## Sunday, February 12, 2012

### Weddings and optimal seating

In http://www.improbable.com/2012/02/12/finding-an-optimal-seating-chart-for-a-wedding/ an interesting model is proposed about optimal seating arrangements for a wedding. Basically their model looks like (I hope I transcribed the mathematical model correctly):

 \$ontext   Table assignment   This is the original formulation used in   Meghan L. Bellows   and J. D. Luc Peterson      Finding an optimal seating chart      http://www.improbable.com/2012/02/12/finding-an-optimal-seating-chart-for-a-wedding/   See also:   http://www.hakank.org/constraint_programming_blog/     2011/03/a_matching_problem_a_related_seating_problem_and_some_other_seating_pr.html \$offtext set   i 'tables' /table1*table5/   j 'guests' /g1*g17/ ; alias (j,k); table c(j,k)     g1 g2 g3 g4 g5 g6 g7 g8 g9 g10 g11 g12 g13 g14 g15 g16 g17 g1   1 50  1  1  1  1  1  1  1 g2  50  1  1  1  1  1  1  1  1 g3   1  1  1 50  1  1  1  1 10 g4   1  1 50  1  1  1  1  1  1 g5   1  1  1  1  1 50  1  1  1 g6   1  1  1  1 50  1  1  1  1 g7   1  1  1  1  1  1  1 50  1 g8   1  1  1  1  1  1 50  1  1 g9   1  1 10  1  1  1  1  1  1 g10                              1  50   1   1   1   1   1   1 g11                             50   1   1   1   1   1   1   1 g12                              1   1   1   1   1   1   1   1 g13                              1   1   1   1   1   1   1   1 g14                              1   1   1   1   1   1   1   1 g15                              1   1   1   1   1   1   1   1 g16                              1   1   1   1   1   1   1   1 g17                              1   1   1   1   1   1   1   1 ; scalars   a 'max guests at a table' / 4 /   b 'min number of guests known at table' / 2 / variables    g(i,j) 'guest j at table i'    p(i,j,k) 'guest j and k at table i'    z ; binary variable g,p; equations    obj    onetable(j)    capacity(i)    minknown(i,k)    linearize1(i,k)    linearize2(i,j) ; set gt(j,k) 'upper triangle'; gt(j,k)\$(ord(k)>ord(j)) = yes; obj..  z =e= sum((i,gt(j,k)), c(j,k)*p(i,j,k)); onetable(j).. sum(i, g(i,j)) =e= 1; capacity(i).. sum(j, g(i,j)) =l= a; minknown(i,k).. sum(j\$c(j,k), p(i,j,k)) =g= (b+1)*g(i,k); linearize1(i,k).. sum(j, p(i,j,k)) =l= a*g(i,k); linearize2(i,j).. sum(k, p(i,j,k)) =l= a*g(i,j); model m /all/; option optcr = 0; solve m maximizing z using mip; option g:0; display g.l;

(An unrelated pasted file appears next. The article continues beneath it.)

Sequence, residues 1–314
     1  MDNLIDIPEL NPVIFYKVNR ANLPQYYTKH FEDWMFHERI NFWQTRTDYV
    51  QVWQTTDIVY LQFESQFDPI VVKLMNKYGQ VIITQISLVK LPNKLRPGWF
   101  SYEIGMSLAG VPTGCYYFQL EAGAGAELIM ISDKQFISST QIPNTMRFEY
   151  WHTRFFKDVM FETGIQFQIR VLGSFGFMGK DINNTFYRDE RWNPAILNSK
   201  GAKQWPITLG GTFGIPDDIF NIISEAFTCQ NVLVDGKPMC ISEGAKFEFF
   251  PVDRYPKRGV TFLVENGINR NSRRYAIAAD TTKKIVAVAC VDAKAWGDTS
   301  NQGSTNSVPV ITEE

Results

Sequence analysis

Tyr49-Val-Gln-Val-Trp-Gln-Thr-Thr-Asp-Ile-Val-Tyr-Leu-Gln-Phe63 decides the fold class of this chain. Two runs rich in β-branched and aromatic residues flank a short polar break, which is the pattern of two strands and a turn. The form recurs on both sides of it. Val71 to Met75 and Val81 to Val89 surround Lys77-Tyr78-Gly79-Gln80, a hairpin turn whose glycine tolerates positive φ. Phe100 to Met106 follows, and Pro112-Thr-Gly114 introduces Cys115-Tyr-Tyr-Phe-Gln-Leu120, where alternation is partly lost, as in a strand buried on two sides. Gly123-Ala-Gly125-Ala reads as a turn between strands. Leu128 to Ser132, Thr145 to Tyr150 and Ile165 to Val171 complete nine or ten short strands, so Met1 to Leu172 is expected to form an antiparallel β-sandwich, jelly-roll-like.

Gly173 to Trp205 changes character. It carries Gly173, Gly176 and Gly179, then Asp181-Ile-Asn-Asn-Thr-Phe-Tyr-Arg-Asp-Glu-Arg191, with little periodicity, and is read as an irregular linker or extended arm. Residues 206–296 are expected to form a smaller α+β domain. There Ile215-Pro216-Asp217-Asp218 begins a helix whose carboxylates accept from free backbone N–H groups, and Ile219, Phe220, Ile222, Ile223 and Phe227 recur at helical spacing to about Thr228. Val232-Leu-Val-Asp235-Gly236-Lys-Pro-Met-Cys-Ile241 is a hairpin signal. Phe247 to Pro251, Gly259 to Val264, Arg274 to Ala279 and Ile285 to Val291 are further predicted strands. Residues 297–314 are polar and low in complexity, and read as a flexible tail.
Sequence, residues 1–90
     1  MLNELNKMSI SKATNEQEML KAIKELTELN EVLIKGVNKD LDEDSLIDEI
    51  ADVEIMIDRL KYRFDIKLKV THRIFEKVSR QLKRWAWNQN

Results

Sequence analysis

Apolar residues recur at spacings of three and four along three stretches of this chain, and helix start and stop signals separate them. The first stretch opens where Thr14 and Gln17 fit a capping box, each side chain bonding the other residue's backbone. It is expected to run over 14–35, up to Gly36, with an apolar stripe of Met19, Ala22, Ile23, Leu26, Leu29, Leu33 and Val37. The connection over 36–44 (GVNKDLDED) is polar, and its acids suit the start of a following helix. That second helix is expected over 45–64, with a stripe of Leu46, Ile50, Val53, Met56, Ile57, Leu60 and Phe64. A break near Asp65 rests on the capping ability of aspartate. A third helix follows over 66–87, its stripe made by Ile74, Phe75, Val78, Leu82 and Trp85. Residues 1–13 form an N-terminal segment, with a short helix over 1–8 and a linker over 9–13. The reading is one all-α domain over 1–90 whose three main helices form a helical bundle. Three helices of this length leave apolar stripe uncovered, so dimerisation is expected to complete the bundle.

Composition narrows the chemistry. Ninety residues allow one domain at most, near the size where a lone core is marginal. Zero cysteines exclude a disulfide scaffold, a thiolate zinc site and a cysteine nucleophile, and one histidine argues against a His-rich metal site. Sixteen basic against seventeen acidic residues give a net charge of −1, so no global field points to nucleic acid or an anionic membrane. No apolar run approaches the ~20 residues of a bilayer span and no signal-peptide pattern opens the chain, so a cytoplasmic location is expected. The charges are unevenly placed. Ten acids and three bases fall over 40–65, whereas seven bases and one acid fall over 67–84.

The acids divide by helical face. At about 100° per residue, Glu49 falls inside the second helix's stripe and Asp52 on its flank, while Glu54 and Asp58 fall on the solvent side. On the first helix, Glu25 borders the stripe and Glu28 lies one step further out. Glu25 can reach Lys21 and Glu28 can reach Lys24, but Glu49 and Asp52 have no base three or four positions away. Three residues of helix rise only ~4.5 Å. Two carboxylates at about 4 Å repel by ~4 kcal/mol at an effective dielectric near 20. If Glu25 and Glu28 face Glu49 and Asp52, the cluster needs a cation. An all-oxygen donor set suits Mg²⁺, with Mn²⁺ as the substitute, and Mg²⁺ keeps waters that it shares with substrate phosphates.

I would probably formulate this slightly different. A linearization is often formulated as: Here the last condition can be dropped as we are maximizing the p’s anyway. In general I use these disaggregated versions directly instead of the aggregated versions used in model above.

So how would I write this down? Here is my attempt: